The Jakarta Post
Colorful beats: A choreographed piece entitled “Let Me Change Your Name” by South Korean choreographer Eun-Me Ahn graces the 2018 Indonesian Dance Festival (IDF) at the Taman Ismail Marzuki on Nov. 6. In this work, Ahn questions the identity and social class of modern men and women. (Courtesy of IndonesianDanceFestival.id/-)
The 14th installment of the Indonesian Dance Festival (IDF) is coming with a theme that is loosely based on personal freedoms and democracy of the body.
The theme of the event, which is taking place at various venues in Jakarta from Tuesday to Saturday, is Demo/Cratic Body: How Soon Is Now? It involves dancers not only from Indonesia but also other countries such as Mexico, France, India, Germany, Australia, Singapore and South Korea.
The context and the vision of the festival this year are based on Indonesia’s cultural experience as demonstrated by works in progress, usually by innovative young artists. Through it, the festival feels it is uncovering the untapped potential of hidden and relatively unknown Indonesian dancers.
Festival co-initiator Maria Darmaningsih, a performing arts professor at the Jakarta Art Institute (IKJ), elaborated on the topic of the dance festival, saying that it was a form of expression and gratitude for the amount of freedom that was able to be expressed today in dance.
She said freedom was essential for giving true, honest performances without succumbing to uniformity, such as in the New Order days when IDF dancers were usually required to perform in uniforms.
“Freedom is a powerful form of expression,” Maria said. “Through this theme, we are challenging the participating dancers with the idea: Within this political climate, what do they want to show through dance?”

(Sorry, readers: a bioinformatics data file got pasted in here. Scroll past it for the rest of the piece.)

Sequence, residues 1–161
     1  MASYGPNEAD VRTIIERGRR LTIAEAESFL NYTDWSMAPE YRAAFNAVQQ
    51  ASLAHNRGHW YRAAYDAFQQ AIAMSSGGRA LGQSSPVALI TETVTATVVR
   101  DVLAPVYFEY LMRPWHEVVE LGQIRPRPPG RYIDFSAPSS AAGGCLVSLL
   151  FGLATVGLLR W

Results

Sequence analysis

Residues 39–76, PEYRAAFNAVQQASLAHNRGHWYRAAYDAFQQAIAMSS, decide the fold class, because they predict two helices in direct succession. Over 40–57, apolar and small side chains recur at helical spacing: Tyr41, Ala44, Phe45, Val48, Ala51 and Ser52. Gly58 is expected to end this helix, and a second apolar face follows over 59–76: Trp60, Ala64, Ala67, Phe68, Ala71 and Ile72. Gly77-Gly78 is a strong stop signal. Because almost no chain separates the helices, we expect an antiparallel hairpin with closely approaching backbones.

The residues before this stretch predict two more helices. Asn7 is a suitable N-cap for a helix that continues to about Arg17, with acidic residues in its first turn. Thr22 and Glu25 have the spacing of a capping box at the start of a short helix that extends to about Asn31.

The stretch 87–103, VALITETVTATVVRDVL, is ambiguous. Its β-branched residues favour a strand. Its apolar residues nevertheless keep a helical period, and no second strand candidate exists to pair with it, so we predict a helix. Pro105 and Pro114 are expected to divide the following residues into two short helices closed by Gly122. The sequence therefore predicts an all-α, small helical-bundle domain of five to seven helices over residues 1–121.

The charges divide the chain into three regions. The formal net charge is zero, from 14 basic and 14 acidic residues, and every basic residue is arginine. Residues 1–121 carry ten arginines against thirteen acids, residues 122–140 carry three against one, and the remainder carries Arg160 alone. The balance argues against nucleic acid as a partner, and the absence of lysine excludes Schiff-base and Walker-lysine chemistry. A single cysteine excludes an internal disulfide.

While acknowledging that many important figures in the Indonesian dance community reportedly tend to dismiss the notion of modern dance, Maria added that the concept employed by the IDF is one that was open minded enough to allow unorthodox ideas to flourish within the dancers.
To encourage the idea of inclusivity, both professional and amateur dancers and dancers from several universities are to take part in the festival.
According to IKJ rector Seno Gumira Ajidarma, the IDF must serve as a good example of artistic consistency for all artists of all media in Indonesia.
“By doing so, the IDF can act as its own standard of quality as the dances featured in this festival are consistently shown to only increase in quality as the festival days go on,” said Seno, who is also a writer.
Throughout the years, the IDF has showcased more than 250 works by Indonesian choreographers, as well as from Asia, Europe, Australia, Africa and the Americas. The festival has been running since 1992.
This year, the program is also being curated with the help of international guest curators from Japan, Singapore and Germany. Its programs include the main showcases, workshops from the IDF dance academy, presentations, seminars, master classes, commissioned works and competitions.
The venues hosting this year’s event include Taman Ismail Marzuki, the Jakarta Playhouse (GKJ), the National Library of Indonesia and the Salihara Community. Taman Suropati in Menteng, Central Jakarta, is holding a post-event on Nov. 18.
Aligning with the theme of democracy and freedom, the participating international troupes will also bring their own versions and interpretations to the stage. What most of them have in common is a focus on relative unity through the expression of one’s body.
South Korean guest dancer and choreographer Ahn Eun-me explained that her seven-person troupe’s routine will serve to embody the essential instincts of democracy through their energetic performances.
The mix of male and female dancers, she said, was one way of showing that “the body is democratic, as men and women are essentially the same”.
“The repertoires in this event show how Asian culture can be understood through bodies,” Ahn said.